In seeking to better understand customer jobs-to-be-done, I found myself a bit underarmed. Meaning, I didn’t really have a way to do this. The value of jobs-to-be-done (JTBD) thinking has only emerged recently. It’s still nascent, and there aren’t ready guideposts to follow. However, Tony Ulwick has been at it over two decades. Indeed, his outcome-driven innovation remains a powerful methodology with the structure needed to effectively identify opportunities. It is the JTBD standard.
But in my work, I wasn’t ready to engage external consultants. My project was more low level, relating to a significant enhancement to an enterprise software platform. My needs – and budget – didn’t rise to the level of a full-fledged consulting engagement. Also, I wanted to be the one talking with customers.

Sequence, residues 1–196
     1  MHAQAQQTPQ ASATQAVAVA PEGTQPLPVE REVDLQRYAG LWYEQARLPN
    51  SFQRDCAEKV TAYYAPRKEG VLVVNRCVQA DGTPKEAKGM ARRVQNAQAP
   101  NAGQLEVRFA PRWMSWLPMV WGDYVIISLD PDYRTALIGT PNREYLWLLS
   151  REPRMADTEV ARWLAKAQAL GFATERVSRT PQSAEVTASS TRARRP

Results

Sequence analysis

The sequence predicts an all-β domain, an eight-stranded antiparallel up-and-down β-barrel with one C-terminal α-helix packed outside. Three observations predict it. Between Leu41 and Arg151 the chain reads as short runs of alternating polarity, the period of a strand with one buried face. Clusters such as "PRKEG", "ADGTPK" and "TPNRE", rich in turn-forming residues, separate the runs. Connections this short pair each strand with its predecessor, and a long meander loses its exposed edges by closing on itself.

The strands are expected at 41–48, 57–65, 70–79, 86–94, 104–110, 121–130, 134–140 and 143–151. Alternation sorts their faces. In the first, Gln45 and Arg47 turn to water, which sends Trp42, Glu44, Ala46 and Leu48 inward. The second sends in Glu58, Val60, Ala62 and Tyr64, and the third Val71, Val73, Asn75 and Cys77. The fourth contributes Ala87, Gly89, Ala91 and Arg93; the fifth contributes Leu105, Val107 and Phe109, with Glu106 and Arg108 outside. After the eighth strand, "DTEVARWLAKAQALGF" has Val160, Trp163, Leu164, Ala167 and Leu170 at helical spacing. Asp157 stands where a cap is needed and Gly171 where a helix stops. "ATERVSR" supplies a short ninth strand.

So I did what anyone interested in innovation would do. I hacked my own approach. I wanted a way to elicit jobs-to-be-done that had the following aspects:
- Accessible anytime I wanted it
- Low cost (free!)
- Allowed me to rank different jobs-to-be-done
- Created a way of seeing where the opportunities are
- Deepened my understanding of, and connection with, customers
The presentation below outlines a method to generate opportunity maps with customer jobs-to-be-done:
As you’ll see in the presentation, I consider this an initial blueprint. One that can, and should, be hacked to optimize it. But as the approach exists now, it will provide significant value. And for those who haven’t engaged customers at this level of dialogue, you’ll be amazed at what you learn.
Give it a try and let me know what value you get in talking JTBD with your customers.
(Cross-posted @ I'm Not Actually a Geek)